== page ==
Mayoral Committee Member for Safety and Security JP Smith and local councillor Angus McKenzie were ejected from the meeting at the behest of the protesters on Wednesday.
Protesters claimed that Smith and McKenzie were trying to use the community’s social ills to their political advantage.
The meeting follows Tuesdays “Total Shutdown” protest, where residents from various communities on the Cape Flats took to the streets to highlight gangsterism, crime and the police’s inadequacy.
Residents claim Smith and McKenzie used the meeting to benefit their political agenda.
According to one of the organisers of the protest, Gatto Wanza, the reason for not wanting Smith and McKenzie to participate or sit in on the meeting was because they [the community] refuse politicians to use their meeting for their own political gain.
Wanza said children in the community were forced to join gangs and were turned into criminals.
“Sacrifices are being made daily to attend meetings to get our area in order. Things are happening behind the scenes that nobody else sees or even hears about,” he said.
During the meeting, an emotional crowd showed Cele a video of the protest in which eight people were arrested while the police fired stun grenades and rubber bullets.
Resident Nadia Mayman cried when the video was shown.
She said residents were called “low-lives and idiots” by officials during the protest.
“The police are failing our communities. When you report crime to the police, you’ll be lucky if they respond in less than an hour.” She added.
Total Shutdown leader Henrietta Abrahams demanded improved visible policing and asked that certain areas on the Cape Flats be declared disaster areas.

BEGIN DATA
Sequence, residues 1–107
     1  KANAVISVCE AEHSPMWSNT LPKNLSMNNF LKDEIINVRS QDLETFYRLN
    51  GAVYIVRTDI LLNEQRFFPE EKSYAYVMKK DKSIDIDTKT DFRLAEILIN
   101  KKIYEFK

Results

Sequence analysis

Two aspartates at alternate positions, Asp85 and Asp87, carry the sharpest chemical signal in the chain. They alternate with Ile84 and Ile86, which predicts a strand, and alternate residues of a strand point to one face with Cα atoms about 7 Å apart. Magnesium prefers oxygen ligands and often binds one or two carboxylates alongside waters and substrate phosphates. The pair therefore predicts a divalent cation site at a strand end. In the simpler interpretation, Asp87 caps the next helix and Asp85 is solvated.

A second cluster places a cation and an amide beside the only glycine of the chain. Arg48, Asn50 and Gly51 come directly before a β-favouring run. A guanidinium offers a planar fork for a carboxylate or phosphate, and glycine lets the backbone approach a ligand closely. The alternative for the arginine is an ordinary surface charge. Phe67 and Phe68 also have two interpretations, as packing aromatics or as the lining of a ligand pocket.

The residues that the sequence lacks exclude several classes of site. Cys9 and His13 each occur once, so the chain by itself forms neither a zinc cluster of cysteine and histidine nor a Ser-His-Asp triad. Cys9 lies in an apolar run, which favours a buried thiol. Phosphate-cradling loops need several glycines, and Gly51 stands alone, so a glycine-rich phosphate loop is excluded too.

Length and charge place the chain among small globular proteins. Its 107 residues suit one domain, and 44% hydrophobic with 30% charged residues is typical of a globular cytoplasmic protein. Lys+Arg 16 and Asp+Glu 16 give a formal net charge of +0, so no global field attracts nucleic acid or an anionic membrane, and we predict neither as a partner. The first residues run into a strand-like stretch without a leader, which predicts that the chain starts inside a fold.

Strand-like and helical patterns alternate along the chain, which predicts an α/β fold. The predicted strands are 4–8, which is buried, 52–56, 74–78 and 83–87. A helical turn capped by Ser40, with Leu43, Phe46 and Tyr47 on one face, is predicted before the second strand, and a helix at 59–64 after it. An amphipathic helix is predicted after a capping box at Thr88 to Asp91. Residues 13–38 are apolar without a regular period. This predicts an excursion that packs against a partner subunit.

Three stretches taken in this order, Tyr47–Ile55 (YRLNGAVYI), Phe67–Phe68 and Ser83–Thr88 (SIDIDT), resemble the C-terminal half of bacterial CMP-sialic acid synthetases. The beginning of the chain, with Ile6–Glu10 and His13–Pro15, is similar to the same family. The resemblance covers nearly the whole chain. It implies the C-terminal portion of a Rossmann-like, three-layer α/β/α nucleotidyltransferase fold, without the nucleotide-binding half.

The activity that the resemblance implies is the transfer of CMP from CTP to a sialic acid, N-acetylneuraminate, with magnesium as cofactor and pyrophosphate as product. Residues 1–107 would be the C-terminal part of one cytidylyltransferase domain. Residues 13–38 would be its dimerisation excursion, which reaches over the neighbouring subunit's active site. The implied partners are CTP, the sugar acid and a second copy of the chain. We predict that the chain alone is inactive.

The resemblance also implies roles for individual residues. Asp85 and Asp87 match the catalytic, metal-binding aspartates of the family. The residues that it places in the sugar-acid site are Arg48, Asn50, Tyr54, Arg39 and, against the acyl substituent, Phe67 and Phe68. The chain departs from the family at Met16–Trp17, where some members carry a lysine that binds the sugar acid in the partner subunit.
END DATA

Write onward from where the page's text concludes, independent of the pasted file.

“When we say visible policing, they say there [are] no resources,” she said.
“What is happening here is similar to the fires in Knysna. We want the same amount of attention, resources and priority. We are not a priority because we are poor and working class.”
She said that police must patrol gang hotspots, such as schools and train terminals.
Abraham called on Cele to spend time in Bonteheuwel and use public transport without bodyguards, “to see how the community lives”.
“Every day we are robbed on our way to work; our children are being manhandled by gangsters on their way to school, because they want them to join gangs,” said Abrahams.
Her community depended on a satellite police station that closed before midnight.
Abrahams asked Cele to hold a summit for working-class people by the end of October.
Cele agreed to meeting with the people of Bonteheuwel on Tuesday, following an outcry among residents over the arrest of the eight protesters.
“I do not control comrades in the government; however, I will ask other ministers to be part of these meetings, especially (those in) the justice cluster,” said Cele.
He urged the community to work with him to resolve their difficulties.
“We are not going to impose anything on the communities; we will try to work together,” he said.
McKenzie said the meeting was supposed to have been “a stakeholders’ meeting”. He said he and Smith were invited to attend it by the minister’s office.
Smith said Cele had no solutions for policing failures in Cape Town.
“I am deeply worried that the genuine concerns of crime-ridden communities are hijacked by political interests, specifically in Bonteheuwel,” said Smith.[Source VOC and News24]